SALEM — When two police officers rescued a bald eagle from a trap on Thanksgiving, they were surprised to find such a majestic bird in Salem.
Sgt. Michael Wagner and Officer John O’Donnell wondered where it came from after releasing the raptor, with only a minor cut, from the jaws of a steel trap found about 100 yards off Garabedian Drive.
Now, they know. It’s from Rhode Island.
Wagner received a call yesterday from New Hampshire Audubon biologist Chris Martin, who had been working with the state Fish and Game Department since last week to find out more about the eagle.
Bands found on each leg provided serial numbers that helped Martin trace the bird to the Scituate Reservoir in northern Rhode Island, where the eagle — believed to be a female — was hatched along with another chick in 2005, he said.
Martin even tracked down the biologist who climbed up to the nest and banded the eaglet. At the time, it was the only documented bald eagle nest in that area — about 70 miles from Salem. Bald eagles live between 10 and 20 years, he said.
“He verified that exact bird,” Martin said.
He said he suspects the eagle, snared while feeding on a beaver carcass used as bait to catch a coyote or fox, lives near where it was found. He also believes it has a mate. Eagles are often found hundreds of miles from where they hatch, he said.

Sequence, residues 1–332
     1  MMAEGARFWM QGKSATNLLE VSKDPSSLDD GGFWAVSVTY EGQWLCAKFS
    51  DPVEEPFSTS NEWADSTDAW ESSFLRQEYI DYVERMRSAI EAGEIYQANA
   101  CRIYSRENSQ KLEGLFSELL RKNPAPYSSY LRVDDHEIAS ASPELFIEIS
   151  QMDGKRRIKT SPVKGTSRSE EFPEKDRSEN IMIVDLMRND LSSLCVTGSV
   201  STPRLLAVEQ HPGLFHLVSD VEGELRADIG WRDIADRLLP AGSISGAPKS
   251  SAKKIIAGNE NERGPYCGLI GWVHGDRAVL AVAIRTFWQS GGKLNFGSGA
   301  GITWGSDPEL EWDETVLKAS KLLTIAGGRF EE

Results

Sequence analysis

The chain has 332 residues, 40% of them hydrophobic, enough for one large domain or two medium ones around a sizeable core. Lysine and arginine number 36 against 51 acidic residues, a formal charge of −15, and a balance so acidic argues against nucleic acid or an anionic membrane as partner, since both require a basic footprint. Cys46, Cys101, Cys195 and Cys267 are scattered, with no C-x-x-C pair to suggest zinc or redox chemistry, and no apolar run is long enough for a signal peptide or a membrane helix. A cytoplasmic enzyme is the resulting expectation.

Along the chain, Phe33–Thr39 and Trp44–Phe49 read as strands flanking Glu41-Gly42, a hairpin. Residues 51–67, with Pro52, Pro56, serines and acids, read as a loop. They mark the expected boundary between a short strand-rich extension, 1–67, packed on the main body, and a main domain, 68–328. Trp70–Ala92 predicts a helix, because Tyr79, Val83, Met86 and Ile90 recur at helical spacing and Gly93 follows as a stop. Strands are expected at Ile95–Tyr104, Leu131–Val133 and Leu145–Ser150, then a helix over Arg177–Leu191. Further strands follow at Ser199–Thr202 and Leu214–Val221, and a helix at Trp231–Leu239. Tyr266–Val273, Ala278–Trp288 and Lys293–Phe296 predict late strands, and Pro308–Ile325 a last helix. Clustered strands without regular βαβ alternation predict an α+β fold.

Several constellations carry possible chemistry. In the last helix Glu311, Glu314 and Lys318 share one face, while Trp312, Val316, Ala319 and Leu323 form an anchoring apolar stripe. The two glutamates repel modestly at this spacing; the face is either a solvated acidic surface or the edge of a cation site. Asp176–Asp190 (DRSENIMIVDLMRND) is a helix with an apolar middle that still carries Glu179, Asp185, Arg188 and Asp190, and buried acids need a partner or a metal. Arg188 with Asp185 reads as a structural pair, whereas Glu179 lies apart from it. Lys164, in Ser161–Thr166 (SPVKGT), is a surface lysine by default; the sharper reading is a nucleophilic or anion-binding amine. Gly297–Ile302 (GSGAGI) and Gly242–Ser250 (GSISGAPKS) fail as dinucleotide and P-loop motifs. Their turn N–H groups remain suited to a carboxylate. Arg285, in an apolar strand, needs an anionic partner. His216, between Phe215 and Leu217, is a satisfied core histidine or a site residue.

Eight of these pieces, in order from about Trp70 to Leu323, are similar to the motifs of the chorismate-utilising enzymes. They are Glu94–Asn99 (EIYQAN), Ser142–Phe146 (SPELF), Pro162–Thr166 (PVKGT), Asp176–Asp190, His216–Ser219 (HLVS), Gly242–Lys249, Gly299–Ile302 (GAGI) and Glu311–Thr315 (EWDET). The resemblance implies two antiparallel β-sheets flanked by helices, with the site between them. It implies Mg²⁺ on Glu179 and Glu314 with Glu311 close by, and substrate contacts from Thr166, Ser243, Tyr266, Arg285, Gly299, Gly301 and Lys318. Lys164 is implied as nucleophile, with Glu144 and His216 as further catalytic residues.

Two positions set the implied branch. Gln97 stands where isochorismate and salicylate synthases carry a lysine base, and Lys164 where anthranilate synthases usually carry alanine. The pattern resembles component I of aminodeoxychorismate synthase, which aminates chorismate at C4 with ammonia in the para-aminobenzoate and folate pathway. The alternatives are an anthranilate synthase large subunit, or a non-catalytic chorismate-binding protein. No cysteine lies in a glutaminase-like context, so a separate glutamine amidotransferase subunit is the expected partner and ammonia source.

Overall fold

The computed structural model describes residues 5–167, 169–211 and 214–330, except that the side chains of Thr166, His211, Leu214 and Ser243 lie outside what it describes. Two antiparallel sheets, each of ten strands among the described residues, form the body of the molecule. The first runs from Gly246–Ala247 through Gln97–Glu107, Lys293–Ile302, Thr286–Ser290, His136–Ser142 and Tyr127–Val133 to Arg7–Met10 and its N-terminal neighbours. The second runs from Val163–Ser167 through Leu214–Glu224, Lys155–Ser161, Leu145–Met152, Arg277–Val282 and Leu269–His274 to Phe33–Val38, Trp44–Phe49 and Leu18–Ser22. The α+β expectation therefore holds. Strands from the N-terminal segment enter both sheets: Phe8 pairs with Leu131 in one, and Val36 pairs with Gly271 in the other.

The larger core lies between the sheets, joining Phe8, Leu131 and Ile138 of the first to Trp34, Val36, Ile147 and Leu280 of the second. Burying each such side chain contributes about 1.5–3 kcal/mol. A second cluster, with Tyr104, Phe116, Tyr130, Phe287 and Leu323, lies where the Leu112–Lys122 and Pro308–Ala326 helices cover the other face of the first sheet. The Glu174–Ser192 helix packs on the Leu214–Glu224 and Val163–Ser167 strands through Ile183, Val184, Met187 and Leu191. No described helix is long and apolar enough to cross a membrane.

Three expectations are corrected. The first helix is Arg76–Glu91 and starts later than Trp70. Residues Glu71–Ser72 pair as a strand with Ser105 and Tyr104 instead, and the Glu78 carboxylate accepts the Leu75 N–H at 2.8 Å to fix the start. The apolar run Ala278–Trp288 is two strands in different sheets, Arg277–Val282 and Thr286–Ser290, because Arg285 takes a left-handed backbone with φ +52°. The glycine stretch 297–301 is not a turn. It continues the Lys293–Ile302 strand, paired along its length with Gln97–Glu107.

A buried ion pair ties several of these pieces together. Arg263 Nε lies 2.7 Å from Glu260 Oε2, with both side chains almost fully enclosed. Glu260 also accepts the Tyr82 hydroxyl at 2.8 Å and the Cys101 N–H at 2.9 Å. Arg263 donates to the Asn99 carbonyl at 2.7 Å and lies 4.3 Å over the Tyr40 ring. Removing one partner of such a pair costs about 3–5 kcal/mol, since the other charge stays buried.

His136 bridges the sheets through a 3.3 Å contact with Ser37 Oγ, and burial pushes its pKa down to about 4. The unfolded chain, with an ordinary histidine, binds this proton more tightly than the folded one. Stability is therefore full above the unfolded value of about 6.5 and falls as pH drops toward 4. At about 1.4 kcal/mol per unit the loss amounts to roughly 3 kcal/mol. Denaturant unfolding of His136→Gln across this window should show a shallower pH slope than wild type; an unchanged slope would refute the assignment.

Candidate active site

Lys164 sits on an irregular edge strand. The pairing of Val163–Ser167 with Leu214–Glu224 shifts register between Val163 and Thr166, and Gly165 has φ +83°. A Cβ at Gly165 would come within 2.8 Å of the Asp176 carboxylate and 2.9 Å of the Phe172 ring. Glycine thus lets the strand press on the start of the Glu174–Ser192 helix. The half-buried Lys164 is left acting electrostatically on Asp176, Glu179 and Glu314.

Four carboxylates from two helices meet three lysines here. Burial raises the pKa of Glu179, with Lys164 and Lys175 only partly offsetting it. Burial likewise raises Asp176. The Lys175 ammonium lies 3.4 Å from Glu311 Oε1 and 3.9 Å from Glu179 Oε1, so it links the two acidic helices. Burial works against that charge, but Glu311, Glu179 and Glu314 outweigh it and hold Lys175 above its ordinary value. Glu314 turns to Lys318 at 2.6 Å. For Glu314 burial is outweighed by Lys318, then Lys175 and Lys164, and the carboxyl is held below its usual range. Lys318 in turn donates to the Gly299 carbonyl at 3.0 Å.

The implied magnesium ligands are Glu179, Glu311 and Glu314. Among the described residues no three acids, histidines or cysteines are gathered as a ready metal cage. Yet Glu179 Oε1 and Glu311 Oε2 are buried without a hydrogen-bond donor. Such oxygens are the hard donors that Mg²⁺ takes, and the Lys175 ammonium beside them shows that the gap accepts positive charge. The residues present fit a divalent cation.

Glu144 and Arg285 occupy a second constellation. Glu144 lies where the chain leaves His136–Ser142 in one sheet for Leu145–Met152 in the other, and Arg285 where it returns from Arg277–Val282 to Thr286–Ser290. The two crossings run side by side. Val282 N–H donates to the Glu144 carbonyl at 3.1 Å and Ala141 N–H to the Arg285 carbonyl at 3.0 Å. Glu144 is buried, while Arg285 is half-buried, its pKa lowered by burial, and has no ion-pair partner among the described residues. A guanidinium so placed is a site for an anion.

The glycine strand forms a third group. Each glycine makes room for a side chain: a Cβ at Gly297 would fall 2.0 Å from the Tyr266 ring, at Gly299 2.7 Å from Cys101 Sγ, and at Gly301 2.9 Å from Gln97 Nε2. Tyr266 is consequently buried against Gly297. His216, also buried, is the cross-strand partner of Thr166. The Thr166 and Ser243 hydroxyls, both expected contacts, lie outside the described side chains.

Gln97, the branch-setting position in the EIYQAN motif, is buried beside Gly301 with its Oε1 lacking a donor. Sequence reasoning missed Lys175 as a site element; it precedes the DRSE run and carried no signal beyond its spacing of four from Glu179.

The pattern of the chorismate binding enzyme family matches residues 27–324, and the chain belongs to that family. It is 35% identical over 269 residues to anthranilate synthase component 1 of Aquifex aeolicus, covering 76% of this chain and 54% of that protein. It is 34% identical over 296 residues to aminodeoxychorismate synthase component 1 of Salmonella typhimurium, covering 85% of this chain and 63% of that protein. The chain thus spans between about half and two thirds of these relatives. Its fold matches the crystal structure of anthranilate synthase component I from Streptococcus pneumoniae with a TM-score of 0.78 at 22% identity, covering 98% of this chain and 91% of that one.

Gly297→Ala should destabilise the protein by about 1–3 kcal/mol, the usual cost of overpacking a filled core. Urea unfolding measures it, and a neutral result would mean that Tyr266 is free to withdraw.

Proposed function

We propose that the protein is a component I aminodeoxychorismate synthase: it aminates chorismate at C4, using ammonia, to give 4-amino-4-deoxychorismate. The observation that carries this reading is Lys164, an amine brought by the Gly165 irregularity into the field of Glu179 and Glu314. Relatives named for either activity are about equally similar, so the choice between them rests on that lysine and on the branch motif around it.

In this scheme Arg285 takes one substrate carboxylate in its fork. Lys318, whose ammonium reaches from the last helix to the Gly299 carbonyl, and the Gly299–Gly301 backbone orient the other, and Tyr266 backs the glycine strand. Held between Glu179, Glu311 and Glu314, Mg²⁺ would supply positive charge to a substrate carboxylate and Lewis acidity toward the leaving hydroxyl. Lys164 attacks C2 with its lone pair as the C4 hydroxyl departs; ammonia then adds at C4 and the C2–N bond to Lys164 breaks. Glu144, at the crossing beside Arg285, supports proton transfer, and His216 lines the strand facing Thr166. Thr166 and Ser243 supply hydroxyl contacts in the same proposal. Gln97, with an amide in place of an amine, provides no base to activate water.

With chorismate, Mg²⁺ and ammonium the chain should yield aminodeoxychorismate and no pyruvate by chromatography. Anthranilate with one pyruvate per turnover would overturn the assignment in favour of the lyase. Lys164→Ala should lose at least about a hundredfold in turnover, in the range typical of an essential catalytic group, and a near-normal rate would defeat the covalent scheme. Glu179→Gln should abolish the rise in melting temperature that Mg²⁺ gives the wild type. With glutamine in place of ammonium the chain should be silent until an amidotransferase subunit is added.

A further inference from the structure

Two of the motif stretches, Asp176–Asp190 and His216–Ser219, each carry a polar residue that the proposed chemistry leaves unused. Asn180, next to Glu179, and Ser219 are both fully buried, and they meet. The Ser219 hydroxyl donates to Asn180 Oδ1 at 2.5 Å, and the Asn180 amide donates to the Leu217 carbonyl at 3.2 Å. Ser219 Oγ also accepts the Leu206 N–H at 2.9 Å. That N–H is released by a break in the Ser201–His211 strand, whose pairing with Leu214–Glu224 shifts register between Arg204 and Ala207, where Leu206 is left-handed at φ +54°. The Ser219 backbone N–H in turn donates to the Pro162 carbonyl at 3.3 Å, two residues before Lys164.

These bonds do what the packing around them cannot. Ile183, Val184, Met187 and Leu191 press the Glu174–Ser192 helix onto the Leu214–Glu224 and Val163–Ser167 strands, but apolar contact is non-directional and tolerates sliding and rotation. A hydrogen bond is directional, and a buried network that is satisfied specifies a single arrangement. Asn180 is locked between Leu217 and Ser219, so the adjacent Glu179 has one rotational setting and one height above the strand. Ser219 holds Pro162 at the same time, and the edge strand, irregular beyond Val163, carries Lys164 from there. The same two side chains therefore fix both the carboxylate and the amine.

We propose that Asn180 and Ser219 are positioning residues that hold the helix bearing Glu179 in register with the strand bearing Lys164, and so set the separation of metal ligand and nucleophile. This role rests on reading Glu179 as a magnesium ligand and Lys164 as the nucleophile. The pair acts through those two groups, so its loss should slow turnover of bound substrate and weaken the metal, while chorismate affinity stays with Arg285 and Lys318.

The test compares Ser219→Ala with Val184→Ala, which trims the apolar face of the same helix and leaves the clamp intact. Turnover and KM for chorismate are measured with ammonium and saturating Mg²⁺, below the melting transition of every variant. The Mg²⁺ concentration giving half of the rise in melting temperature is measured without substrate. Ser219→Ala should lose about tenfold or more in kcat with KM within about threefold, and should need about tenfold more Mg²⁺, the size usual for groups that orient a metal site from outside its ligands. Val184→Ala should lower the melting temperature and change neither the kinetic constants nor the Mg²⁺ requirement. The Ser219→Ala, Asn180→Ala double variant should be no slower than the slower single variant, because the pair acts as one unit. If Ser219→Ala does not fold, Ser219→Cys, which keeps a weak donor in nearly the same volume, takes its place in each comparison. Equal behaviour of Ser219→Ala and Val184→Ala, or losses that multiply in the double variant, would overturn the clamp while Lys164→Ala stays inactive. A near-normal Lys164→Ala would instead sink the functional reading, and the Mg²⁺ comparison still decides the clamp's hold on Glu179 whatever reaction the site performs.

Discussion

Wagner said if not for Methuen resident James Ranson and a friend who first saw the trapped eagle, the bird may have died.
The eagle also was lucky that only part of its leg got caught in the steel trap, sparing it from serious injury, Martin said.
“If it had been caught by its entire foot, it may have been much more debilitating,” Martin said.
There are only 35 pairs of nesting bald eagles in New Hampshire. But that compares to just 22 pairs in 2010 as the bird — once near extinction — is making a comeback, Martin said. That figure was in the teens only five years ago, he said.
Extensive use of pesticides, such as DDT, in the 1940s and 1950s nearly wiped out the species, Martin said.
“There were no breeding pairs in the state for about 40 years,” he said.
The banning of those pesticides and the use of special metal wraps placed around trees with eagle nests has protected the eggs and eagles from predators such as raccoons, Martin said.
Predators are responsible for wiping out about half of the young eagle population, he said.
The Fish and Game Department determined the trap had been legally set, Wagner said. The trapper’s name has not been released.
“Everything is up to snuff,” Wagner said. “He abided by all the laws.”
Fish and Game biologist Patrick Tate confirmed there were no violations. He said people are required to check their traps on a daily basis.
Wagner said it took him, O’Donnell and Ransom about half an hour to free the eagle. Wagner and O’Donnell said the rescue was one of the most rewarding moments of their police careers.
“I would do anything to help a poor animal in distress,” Wagner said. “It was probably one of the most exciting calls I’ve ever had.”